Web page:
Some of our North Lanarkshire staff outside a supported accommodation service. #OneTeam

Saving lives in North Lanarkshire

#FromTheFrontline 

One of the really sad things around COVID is the pressure it is placing on people. For those who are experiencing addictions this pressure has really increased. 

Challenges facing people

With huge variations in drug supply, more harmful options have become the norm during COVID for people living with addictions. Additionally, many of the protective factors – like access to treatment and social connections – have become less readily available. This creates all sorts of challenges for many of the people we support and for how we care for them.  

What we do every day 

In North Lanarkshire – as in all our services – we stick by people so they can journey out of homelessness. It starts with each person. We show up with humanity and understanding – connecting where people are at, being on their side, being attentive, bringing warmth. This is our beating heart. 

What does our support look like for those who are struggling with drug addictions? 

We have been embedding a harm reduction approach in how we offer support. This means we are getting really skilled at strengthening protective factors and also responding quickly at moments of crisis and increased risk

Here are some examples from our North Lanarkshire service: 

Each Monday, staff at one of our accommodation services host a weekly Breakfast Café promoting recovery and wellbeing. The week’s topics are selected to be relevant to the people living in the service at the time. Guests come along to share their first hand experiences of recovery or speak about services that are available to our residents. 

Weekly Breakfast Club at one of our North Lanarkshire accommodation services.
Weekly Breakfast Club at one of our North Lanarkshire accommodation services.

Speaking about the Breakfast Café, our Service Leader, Sam Fingland says: 

The guys really enjoy this. It’s a way of getting together – get a bit of breakfast, informally communicate with the staff and their peers, and be able to link in with others they might not otherwise meet or connect with. This is something that was born out of the pandemic, and will continue as a way of supporting people from within the service.”
Sam Fingland, Service Lead

Creating engaging activities is another protective factor that also reminds people what is possible. Physical wellbeing activities can be infectious. Our 5km challenge in one of our North Lanarkshire services is currently having great benefits for both residents and staff alike!

When we see someone come into the service under the influence of a substance, we check on them every 15minutes to ensure they’re ok. This can involve sitting with people for many hours. We do this because each person matters. If someone experiences a drug overdose, we are trained in administering Naloxone so we can prevent their death.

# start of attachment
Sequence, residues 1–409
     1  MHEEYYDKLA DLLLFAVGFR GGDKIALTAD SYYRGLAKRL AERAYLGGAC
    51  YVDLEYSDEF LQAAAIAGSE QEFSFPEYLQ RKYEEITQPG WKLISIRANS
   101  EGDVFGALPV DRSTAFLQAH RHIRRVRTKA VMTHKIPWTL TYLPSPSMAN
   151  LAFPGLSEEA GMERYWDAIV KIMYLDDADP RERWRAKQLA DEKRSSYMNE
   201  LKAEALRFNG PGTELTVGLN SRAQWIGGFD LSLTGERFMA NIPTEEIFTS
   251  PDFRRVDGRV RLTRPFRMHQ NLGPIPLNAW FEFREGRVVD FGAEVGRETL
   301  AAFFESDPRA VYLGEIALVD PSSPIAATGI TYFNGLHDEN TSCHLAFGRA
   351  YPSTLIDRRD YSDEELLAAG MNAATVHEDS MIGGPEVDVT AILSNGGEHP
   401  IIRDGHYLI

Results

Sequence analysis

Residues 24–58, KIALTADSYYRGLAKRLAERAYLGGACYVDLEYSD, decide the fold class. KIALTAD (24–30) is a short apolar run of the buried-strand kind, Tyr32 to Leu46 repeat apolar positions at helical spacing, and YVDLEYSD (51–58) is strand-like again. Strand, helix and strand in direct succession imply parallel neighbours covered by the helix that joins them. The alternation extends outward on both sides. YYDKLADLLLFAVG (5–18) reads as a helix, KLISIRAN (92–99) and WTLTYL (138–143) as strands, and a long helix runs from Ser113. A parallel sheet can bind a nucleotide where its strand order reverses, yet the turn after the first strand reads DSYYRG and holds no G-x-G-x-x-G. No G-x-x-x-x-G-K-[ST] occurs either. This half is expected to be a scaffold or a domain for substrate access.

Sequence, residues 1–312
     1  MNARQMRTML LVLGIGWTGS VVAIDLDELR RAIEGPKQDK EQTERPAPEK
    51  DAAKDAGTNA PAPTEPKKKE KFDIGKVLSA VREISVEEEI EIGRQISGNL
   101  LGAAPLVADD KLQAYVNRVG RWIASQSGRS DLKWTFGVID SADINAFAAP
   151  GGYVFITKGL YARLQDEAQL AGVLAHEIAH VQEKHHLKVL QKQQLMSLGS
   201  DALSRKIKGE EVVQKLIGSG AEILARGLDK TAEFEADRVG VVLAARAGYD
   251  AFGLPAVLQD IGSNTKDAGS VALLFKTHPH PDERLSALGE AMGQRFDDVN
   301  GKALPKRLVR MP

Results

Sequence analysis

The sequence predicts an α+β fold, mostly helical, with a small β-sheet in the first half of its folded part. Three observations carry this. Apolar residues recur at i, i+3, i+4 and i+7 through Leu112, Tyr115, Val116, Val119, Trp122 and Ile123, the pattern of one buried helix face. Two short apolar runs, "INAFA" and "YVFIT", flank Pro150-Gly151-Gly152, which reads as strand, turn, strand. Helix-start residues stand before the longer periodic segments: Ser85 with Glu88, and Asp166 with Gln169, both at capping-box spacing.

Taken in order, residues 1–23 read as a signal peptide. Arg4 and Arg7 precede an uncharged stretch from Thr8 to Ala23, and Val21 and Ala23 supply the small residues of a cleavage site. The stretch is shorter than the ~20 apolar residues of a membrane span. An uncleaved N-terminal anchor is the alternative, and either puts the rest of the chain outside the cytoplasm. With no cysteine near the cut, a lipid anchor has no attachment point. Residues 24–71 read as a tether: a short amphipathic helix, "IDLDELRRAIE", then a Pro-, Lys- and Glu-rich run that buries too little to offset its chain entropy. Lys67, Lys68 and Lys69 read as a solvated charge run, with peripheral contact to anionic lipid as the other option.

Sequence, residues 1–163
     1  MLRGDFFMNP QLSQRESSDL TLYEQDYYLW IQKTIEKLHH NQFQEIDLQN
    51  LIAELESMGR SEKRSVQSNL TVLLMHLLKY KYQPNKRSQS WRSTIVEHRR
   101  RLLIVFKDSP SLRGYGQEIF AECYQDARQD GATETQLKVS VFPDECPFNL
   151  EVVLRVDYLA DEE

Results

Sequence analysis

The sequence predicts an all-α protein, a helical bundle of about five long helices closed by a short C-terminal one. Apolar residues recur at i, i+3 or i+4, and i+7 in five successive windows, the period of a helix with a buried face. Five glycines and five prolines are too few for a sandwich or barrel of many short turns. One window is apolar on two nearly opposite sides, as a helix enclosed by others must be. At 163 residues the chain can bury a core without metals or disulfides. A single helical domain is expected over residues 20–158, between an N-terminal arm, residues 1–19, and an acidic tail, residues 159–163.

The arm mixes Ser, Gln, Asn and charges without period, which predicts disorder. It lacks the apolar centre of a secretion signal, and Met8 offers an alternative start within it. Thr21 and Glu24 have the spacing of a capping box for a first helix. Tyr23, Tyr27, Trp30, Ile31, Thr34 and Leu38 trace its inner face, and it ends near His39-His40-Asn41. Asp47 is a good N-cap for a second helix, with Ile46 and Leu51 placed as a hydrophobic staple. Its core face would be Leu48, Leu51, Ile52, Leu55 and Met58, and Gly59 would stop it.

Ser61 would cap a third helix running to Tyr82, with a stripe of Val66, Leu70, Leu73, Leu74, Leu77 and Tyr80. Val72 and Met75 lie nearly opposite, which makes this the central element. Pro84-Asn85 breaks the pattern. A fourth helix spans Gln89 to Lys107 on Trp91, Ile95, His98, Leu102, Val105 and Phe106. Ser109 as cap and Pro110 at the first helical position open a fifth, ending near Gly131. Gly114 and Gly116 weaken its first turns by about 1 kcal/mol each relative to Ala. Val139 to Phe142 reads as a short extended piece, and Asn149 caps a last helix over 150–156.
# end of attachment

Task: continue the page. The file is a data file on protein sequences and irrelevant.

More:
The team in North Lanarkshire have also been developing a life saving digital health solution that alerts staff when someone is overdosing. The team worked with service users and partners to develop this system that uses radar and mattress sensors to monitor vital signs. This helps us prevent tragic loss of life. We are proud to have won SCVO’s 2020 Demonstrating Digital Award for this work. 

These are just some of the ways we save lives every day. 

Why this matters

Each and every person matters. We want the people we support to know this: “You matter enough for us to save your life and help make it better.” The struggles people face are not the whole story. People are amazing and we believe in each person we support. We want them to also see the possibility and potential we see.

What makes this possible?

People are at the heart of everything we do and we recruit people to our team who share our values. Being trauma informed is not enough for us – our ambition is to be trauma skilled. This means that not only do we understand how trauma can impact people, but we are also skilled at relating to people in ways that help recovery. It is heartbreaking for us that all too often those who’ve experienced the trauma of homelessness and addiction are treated harshly or even dismissed. We bring warmth, humanity and persistence to how we engage with people. 

As Peter McLachlan, one of our North Lanarkshire Service Leads says: 

How we meet people matters. We don’t bring judgement in how we treat people and improve lives. We meet people where they are at. Our words are a powerful tool. Everyday small things matter, like asking ‘How are you today?” 
Peter McLachlan, Service Lead

We are so proud that this approach and our commitment to people earned us the title of Scotland’s ‘Charity of the Year 2020’. #Humanity #MakingThingHappen #WhatWeDoEveryDay


To learn more about our services in North Lanarkshire, visit Our Services section.